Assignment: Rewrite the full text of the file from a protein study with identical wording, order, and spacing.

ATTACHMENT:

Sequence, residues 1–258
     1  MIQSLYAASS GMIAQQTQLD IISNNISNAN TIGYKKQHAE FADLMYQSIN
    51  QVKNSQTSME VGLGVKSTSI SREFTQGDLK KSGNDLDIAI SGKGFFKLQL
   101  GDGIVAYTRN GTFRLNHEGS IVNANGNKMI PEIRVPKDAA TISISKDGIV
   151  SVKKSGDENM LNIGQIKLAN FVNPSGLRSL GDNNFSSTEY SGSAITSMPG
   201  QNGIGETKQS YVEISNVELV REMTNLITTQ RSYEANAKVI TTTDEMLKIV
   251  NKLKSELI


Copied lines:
Sequence, residues 1–258
     1  MIQSLYAASS GMIAQQTQLD IISNNISNAN TIGYKKQHAE FADLMYQSIN
    51  QVKNSQTSME VGLGVKSTSI SREFTQGDLK KSGNDLDIAI SGKGFFKLQL
   101  GDGIVAYTRN GTFRLNHEGS IVNANGNKMI PEIRVPKDAA TISISKDGIV
   151  SVKKSGDENM LNIGQIKLAN FVNPSGLRSL GDNNFSSTEY SGSAITSMPG
   201  QNGIGETKQS YVEISNVELV REMTNLITTQ RSYEANAKVI TTTDEMLKIV
   251  NKLKSELI